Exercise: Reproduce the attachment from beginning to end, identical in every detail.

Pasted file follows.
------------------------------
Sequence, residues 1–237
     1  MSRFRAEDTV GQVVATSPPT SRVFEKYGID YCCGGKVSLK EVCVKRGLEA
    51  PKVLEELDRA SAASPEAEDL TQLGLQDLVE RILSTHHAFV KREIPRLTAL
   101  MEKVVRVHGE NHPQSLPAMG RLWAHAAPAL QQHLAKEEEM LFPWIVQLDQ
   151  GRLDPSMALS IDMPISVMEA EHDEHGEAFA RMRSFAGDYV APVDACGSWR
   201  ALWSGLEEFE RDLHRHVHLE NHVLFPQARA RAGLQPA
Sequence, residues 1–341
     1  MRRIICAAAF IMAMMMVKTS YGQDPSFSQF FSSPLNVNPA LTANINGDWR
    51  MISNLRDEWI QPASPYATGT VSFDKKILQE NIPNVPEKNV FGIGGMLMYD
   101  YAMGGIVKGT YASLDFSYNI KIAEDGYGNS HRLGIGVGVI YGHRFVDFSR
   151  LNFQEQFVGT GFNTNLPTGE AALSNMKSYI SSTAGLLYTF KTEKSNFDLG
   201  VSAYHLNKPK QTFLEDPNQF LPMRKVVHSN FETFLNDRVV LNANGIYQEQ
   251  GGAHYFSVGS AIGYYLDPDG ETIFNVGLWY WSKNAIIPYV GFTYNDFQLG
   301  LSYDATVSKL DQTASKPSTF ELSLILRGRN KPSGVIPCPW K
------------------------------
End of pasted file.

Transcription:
Sequence, residues 1–237
     1  MSRFRAEDTV GQVVATSPPT SRVFEKYGID YCCGGKVSLK EVCVKRGLEA
    51  PKVLEELDRA SAASPEAEDL TQLGLQDLVE RILSTHHAFV KREIPRLTAL
   101  MEKVVRVHGE NHPQSLPAMG RLWAHAAPAL QQHLAKEEEM LFPWIVQLDQ
   151  GRLDPSMALS IDMPISVMEA EHDEHGEAFA RMRSFAGDYV APVDACGSWR
   201  ALWSGLEEFE RDLHRHVHLE NHVLFPQARA RAGLQPA
Sequence, residues 1–341
     1  MRRIICAAAF IMAMMMVKTS YGQDPSFSQF FSSPLNVNPA LTANINGDWR
    51  MISNLRDEWI QPASPYATGT VSFDKKILQE NIPNVPEKNV FGIGGMLMYD
   101  YAMGGIVKGT YASLDFSYNI KIAEDGYGNS HRLGIGVGVI YGHRFVDFSR
   151  LNFQEQFVGT GFNTNLPTGE AALSNMKSYI SSTAGLLYTF KTEKSNFDLG
   201  VSAYHLNKPK QTFLEDPNQF LPMRKVVHSN FETFLNDRVV LNANGIYQEQ
   251  GGAHYFSVGS AIGYYLDPDG ETIFNVGLWY WSKNAIIPYV GFTYNDFQLG
   301  LSYDATVSKL DQTASKPSTF ELSLILRGRN KPSGVIPCPW K